New Delhi: Marriage is an institution that has to be regulated by certain laws enacted by parliament which reflects the will of the people, Law Minister Kiren Rijiju said on Tuesday, days after the government opposed in the Supreme Court legal validation of same-sex marriage.
‘The only issue with the government is marriage is an institution, it has sanctity and it must be backed by law which takes into account our traditions, our ethos, our heritage — There are so many things in our country’, he said at the Lokmat National Conclave. He said as a government, ‘we are not opposed to any kind of activities done by anybody as a citizen. As a citizen, as long as you follow the law of the land, you are free to do whatever you choose to do’.
A person of any sex can also choose to lead a particular life which is suitable to him or her, he observed. ‘But when you talk about marriage, marriage is an institution. Marital institutions are guided by different specific laws … When it comes to institutions, it has to be regulated by certain laws. The law must be enacted by Parliament of India. Because Parliament of India reflects the will of the people’, he said.
Courts, Mr Rijiju pointed out, can definitely interpret many things. The courts can also go into certain issues which require some clarity in terms of correct interpretation, he said, adding that ‘we have no issue on that’. India, the minister said, is not a country which emerged suddenly. It is an ancient country with rich cultural traditions and all customary practices. ‘So, that is why our position is very clear on that’, he said in response to a question on the issue of same-sex marriage.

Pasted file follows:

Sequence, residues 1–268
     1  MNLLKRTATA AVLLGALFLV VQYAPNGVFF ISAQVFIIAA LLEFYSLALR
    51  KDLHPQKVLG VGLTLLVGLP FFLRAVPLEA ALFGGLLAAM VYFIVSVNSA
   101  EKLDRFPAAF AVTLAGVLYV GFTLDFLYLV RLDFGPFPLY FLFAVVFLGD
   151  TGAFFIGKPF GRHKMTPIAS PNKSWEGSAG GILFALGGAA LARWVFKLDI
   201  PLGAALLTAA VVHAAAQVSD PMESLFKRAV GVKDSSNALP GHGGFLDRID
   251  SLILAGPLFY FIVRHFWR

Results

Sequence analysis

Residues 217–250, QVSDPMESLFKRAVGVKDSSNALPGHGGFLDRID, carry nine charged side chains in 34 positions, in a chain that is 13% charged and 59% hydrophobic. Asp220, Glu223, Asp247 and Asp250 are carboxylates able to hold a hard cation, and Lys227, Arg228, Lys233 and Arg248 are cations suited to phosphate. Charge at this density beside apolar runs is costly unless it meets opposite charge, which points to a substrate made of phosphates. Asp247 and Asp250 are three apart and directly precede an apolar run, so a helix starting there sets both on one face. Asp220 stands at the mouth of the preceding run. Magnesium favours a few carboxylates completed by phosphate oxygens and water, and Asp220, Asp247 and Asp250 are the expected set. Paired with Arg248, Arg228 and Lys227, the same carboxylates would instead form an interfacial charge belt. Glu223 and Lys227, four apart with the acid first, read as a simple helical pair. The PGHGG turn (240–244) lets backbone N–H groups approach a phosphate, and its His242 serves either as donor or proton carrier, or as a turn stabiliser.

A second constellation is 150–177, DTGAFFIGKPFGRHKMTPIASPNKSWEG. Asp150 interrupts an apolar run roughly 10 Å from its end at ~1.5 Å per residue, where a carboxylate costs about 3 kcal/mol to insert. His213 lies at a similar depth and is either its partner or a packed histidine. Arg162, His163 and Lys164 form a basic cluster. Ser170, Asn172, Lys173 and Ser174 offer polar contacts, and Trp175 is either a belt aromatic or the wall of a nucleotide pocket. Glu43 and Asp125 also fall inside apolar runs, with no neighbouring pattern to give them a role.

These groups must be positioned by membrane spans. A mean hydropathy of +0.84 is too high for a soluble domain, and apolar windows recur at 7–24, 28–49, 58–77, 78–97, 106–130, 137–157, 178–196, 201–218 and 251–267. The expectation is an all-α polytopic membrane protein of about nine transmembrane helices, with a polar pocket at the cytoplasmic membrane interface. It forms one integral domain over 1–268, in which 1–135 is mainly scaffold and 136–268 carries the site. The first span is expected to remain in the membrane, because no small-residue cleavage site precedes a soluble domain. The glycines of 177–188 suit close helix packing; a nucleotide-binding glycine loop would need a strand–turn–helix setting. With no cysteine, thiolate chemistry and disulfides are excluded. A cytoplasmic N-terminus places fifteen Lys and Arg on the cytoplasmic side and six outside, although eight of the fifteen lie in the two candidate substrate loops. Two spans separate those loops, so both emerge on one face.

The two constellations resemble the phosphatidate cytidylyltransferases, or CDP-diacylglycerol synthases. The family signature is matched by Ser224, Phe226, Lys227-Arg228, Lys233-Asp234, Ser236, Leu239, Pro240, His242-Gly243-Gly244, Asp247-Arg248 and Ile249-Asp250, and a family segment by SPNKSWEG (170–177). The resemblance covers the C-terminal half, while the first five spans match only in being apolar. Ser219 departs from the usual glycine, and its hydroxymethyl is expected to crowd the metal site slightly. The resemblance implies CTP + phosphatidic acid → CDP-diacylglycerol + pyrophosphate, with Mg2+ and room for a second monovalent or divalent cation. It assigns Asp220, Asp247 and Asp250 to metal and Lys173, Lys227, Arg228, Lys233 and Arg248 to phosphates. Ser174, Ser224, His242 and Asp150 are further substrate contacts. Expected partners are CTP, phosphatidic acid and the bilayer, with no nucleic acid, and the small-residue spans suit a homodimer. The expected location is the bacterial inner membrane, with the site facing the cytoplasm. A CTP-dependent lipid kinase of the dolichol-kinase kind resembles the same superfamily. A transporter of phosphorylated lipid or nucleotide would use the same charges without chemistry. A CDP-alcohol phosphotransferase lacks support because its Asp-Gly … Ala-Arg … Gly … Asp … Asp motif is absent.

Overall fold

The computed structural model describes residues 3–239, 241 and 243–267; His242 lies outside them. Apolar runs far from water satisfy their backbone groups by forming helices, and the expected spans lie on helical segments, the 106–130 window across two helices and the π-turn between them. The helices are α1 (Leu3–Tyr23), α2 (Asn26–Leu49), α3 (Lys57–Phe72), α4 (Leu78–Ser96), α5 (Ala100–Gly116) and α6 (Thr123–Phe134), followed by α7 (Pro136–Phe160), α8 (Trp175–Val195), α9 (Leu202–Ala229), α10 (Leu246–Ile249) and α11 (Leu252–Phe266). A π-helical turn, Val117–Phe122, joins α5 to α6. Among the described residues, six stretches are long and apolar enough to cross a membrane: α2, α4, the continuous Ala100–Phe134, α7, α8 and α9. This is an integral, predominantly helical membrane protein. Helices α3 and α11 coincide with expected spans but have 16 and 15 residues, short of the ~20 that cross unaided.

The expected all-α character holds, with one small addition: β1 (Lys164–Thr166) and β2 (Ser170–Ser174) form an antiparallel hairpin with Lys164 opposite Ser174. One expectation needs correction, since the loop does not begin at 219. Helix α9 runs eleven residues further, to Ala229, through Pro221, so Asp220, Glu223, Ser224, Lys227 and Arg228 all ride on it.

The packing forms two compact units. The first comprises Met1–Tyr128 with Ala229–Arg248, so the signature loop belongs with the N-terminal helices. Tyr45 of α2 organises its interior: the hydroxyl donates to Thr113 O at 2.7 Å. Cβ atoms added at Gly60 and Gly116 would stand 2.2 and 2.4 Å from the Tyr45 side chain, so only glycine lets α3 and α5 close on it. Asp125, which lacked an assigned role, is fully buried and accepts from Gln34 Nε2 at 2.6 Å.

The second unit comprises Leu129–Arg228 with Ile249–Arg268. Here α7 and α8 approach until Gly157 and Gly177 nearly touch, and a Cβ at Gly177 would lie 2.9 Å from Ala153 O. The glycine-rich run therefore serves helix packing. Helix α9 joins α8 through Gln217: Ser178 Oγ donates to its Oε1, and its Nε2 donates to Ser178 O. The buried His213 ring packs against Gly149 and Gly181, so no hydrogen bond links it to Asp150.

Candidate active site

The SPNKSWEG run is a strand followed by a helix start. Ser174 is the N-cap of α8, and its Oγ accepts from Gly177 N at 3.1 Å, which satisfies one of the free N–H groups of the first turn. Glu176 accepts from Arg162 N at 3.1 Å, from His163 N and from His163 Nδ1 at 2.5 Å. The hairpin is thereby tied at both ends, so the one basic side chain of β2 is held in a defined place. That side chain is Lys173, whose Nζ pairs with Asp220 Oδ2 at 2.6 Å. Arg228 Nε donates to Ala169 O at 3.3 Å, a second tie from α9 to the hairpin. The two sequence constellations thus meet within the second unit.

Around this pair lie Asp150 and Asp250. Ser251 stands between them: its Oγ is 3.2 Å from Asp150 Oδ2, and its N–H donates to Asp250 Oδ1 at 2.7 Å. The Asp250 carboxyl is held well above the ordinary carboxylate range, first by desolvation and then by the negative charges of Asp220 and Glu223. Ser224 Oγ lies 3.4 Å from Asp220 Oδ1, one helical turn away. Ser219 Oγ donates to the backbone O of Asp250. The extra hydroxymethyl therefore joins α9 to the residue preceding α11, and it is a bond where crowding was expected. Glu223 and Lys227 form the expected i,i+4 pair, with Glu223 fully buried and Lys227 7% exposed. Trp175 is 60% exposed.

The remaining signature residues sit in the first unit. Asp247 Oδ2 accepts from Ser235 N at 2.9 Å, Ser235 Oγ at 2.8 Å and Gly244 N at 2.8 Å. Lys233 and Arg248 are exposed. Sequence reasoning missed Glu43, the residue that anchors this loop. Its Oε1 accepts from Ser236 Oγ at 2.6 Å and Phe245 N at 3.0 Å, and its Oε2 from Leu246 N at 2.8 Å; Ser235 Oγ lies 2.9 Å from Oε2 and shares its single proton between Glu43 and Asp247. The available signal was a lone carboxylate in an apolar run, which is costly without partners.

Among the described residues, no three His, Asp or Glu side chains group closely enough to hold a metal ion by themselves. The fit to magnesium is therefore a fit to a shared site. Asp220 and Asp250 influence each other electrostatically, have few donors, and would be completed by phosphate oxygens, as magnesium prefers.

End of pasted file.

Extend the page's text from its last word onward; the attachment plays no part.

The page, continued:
The Centre has opposed in the Supreme Court a batch of pleas seeking legal validation of same-sex marriage, saying it would cause complete havoc with the delicate balance of personal laws and accepted societal values. Despite the decriminalisation of Section 377 of the Indian Penal Code, the petitioners cannot claim a fundamental right for same-sex marriage to be recognised under the laws of the country, it said. In its affidavit, the Centre said the institution of marriage between two individuals of the same gender is neither recognised nor accepted in any uncodified personal laws or any codified statutory laws.
The state does not recognise non-heterosexual forms of marriages or unions or personal understandings of relationships between individuals in society but the same are not unlawful, it said. On Monday, the Supreme Court referred the pleas seeking legal validation of same-sex marriages to a five-judge constitution bench for adjudication, saying the issue is of ‘seminal importance’. A bench headed by Chief Justice DY Chandrachud said the submissions on the issue involve an interplay between constitutional rights on the one hand and special legislative enactments, including the Special Marriage Act, on the other.
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